Thanks to Hugh Richards, Head of History at Huntington School and course leader of the HA’s Subject Leader Development Programme, for this blogpost. In it Hugh walks us through the process of planning a GCSE History Unit. From that he draws out GCSE planning principles. This blogpost is useful for anyone also planning GCSE units and to discuss in departmental CPD. I have recently planned … Continue reading Curricular implementation at Key Stage 4: Anatomy of a GCSE History Unit.
Thank you to William Carver of The Licoricia of Winchester Appeal (firstname.lastname@example.org) for this blogpost. The story of Licoricia of Winchester provides a window into the 13th century world and offers a story that can build coherent knowledge from the later to the earlier middle ages. Her story also illuminates the story of Jewish people in England in the period and is therefore an important … Continue reading A 13thC Jewish woman: Licoricia of Winchester
We are starting the new academic year with a blogpost for beginning teachers. The HA defines ‘beginning teachers’ as colleagues in their training year and up to four years post qualification. Welcome to the profession! Well done on qualifying! Every best wish as you start your first post or move to your second! Thank you to all of the mentors who are supporting beginning history … Continue reading Hello colleagues in training and recently qualified, this is for you and your mentors!
Here, Jessie Phillips, History Teacher at Sawston Village College, takes her thinking about presentism in the history classroom further. She points out that this tendency to interpret the past through present values and concepts is used by historians as a conceptual scaffold. She challenges us to think about how presentism can help pupils make their own meanings out of history. She builds on David Armitage’s … Continue reading Smartphones and Mirrors: using presentisms constructively in the classroom.
Jessie Phillips, History Teacher at Sawston Village College, shares work that relates to cultural history/perspective but with a particular focus on the medieval. Her overarching ideas are based on Wineburg’s conception of finding the ‘familiar within the strange’ and the ‘strange within the familiar’ and using this approach she unravels the attitudes, ideas and values of people in the past. She also explores (very carefully) … Continue reading Saints and lice- unravelling the medieval past
Thanks to Simon Beale (@SPBeale), Associate Assistant Headteacher and Subject Lead of History & Politics at Vyners School, for this blogpost. Simon is a co-founder of @historybookgrp. I have just returned from Bristol and the 2022 Historical Association national conference. It was my first time attending the event and I was blown away at the wealth of expertise being shared by and with the history … Continue reading Stacking the Scholarship Shelf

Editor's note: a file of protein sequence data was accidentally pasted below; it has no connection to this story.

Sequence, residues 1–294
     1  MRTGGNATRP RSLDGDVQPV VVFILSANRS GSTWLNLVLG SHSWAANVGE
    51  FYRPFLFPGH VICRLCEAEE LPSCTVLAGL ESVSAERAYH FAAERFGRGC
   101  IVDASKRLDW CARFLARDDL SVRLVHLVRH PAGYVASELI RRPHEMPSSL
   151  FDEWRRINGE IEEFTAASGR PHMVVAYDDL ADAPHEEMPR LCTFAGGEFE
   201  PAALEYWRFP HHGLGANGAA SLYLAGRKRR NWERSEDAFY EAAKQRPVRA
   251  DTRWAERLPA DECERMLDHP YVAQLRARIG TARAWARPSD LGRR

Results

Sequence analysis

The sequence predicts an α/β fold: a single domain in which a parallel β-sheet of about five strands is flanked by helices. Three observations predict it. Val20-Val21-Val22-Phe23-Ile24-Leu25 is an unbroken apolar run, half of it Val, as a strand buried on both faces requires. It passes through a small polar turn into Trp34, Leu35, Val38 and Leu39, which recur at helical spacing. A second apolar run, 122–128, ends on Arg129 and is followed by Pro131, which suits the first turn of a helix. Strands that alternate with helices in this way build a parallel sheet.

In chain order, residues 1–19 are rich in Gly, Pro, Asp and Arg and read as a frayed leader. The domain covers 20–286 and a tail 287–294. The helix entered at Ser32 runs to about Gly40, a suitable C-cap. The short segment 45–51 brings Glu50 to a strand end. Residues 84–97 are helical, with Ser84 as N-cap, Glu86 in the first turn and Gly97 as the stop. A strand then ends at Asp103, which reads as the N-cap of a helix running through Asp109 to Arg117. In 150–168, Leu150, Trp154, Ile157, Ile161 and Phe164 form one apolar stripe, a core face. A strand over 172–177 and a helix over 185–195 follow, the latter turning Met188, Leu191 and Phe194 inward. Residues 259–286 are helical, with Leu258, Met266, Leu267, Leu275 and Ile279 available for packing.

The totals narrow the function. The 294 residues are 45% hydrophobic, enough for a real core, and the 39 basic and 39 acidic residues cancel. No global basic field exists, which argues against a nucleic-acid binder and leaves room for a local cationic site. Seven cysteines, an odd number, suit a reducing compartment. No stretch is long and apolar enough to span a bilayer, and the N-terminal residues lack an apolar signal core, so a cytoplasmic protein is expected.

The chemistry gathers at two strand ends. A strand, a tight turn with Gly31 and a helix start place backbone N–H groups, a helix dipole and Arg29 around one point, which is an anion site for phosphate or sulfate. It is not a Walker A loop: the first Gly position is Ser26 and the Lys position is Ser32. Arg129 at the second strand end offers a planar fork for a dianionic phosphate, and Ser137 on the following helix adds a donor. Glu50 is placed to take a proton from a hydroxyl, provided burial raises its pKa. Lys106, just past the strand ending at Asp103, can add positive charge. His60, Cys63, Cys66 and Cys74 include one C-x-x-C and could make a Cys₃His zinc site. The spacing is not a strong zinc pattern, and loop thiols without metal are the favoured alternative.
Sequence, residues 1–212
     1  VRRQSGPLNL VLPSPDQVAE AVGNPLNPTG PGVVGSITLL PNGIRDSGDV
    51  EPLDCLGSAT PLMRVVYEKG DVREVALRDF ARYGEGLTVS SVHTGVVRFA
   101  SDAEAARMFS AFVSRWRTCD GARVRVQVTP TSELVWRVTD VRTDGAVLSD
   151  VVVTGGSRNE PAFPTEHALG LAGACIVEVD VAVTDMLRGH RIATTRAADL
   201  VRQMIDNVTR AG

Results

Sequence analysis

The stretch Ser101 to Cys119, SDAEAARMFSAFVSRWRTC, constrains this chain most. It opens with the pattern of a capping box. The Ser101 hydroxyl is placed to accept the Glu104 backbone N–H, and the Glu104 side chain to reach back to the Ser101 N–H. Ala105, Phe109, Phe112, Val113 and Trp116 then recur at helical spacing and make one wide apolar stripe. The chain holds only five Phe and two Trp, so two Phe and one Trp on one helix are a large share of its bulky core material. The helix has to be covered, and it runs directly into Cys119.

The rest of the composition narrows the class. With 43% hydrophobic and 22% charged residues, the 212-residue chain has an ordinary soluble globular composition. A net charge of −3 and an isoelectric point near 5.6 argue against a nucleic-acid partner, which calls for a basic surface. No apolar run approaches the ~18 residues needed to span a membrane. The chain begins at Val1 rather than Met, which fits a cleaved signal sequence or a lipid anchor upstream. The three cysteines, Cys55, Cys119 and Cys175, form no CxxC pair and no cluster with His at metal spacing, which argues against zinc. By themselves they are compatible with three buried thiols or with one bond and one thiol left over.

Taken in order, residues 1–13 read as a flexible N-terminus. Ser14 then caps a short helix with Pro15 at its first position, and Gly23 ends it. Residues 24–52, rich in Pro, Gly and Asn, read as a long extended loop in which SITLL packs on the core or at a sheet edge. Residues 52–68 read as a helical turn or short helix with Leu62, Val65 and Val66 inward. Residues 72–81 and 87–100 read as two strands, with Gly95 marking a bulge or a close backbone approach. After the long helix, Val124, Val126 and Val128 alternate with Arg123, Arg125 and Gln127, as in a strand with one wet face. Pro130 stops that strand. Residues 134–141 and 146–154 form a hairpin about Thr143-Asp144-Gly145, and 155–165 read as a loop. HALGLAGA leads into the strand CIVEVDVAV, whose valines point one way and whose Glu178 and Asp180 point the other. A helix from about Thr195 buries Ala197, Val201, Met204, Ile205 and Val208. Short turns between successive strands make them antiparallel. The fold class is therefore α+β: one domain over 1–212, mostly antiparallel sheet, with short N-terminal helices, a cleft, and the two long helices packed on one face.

This is another blogpost primarily for colleagues at the start of their history teaching careers. Caitlyn Palmer, history PGCE student at the University of York, shares her experience of taking on a project beyond the classroom and how it has supported her developing professional practice. As a History PGCE student training with the University of York, there are certain things that I expected I would … Continue reading Early Career History Teacher: experience beyond the classroom
Richard Kennett (@richkbristol), of Gatehouse Green Trust in Bristol, shares recent rethinking of KS3 assessment in his school in response to recent discussions on history edutwitter. This may be incredibly obvious to many of you but given the number of tweets I keep seeing about assessment I thought I would share what we have been doing and thinking at my school in Bristol. I am … Continue reading The return to formal assessment at KS3
This blogpost from Anne Hooper (@Hoops752) was created as a result of thinking following a professional conversation. At the last meeting of HA Secondary Committee Jason Todd (@JJtodd1966) was talking about the need to listen to children and their craving for knowing about the past. What conversations with a colleague have really made you think this month? What got you into history? I mean what … Continue reading Igniting the spark!
This document contains the final draft of the conclusions made for a research project undertaken by our Ukrainian friend and history teaching colleague, Irina Kostyuk. She has been part of a project with other Ukrainian history teaching colleagues looking at how history textbooks in Germany, France, UK, Poland and Russia present the Ukrainian past. This detailed work was nearing completion and they hoped to put … Continue reading A Ukrainian perspective on history teaching about Ukraine in the UK